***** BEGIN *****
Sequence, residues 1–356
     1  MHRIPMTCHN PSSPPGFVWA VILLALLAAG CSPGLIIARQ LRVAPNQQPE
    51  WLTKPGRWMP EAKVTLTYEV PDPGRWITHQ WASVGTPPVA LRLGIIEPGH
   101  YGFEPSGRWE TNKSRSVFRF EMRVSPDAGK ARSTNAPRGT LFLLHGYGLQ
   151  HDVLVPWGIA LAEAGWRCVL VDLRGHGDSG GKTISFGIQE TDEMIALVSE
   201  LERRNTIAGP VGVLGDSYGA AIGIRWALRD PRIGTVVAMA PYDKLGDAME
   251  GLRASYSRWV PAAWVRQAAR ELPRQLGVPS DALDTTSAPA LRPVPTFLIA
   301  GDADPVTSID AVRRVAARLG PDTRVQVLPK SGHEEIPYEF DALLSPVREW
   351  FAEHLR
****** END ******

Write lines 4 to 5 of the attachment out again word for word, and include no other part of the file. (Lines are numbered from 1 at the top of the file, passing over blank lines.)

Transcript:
   101  YGFEPSGRWE TNKSRSVFRF EMRVSPDAGK ARSTNAPRGT LFLLHGYGLQ
   151  HDVLVPWGIA LAEAGWRCVL VDLRGHGDSG GKTISFGIQE TDEMIALVSE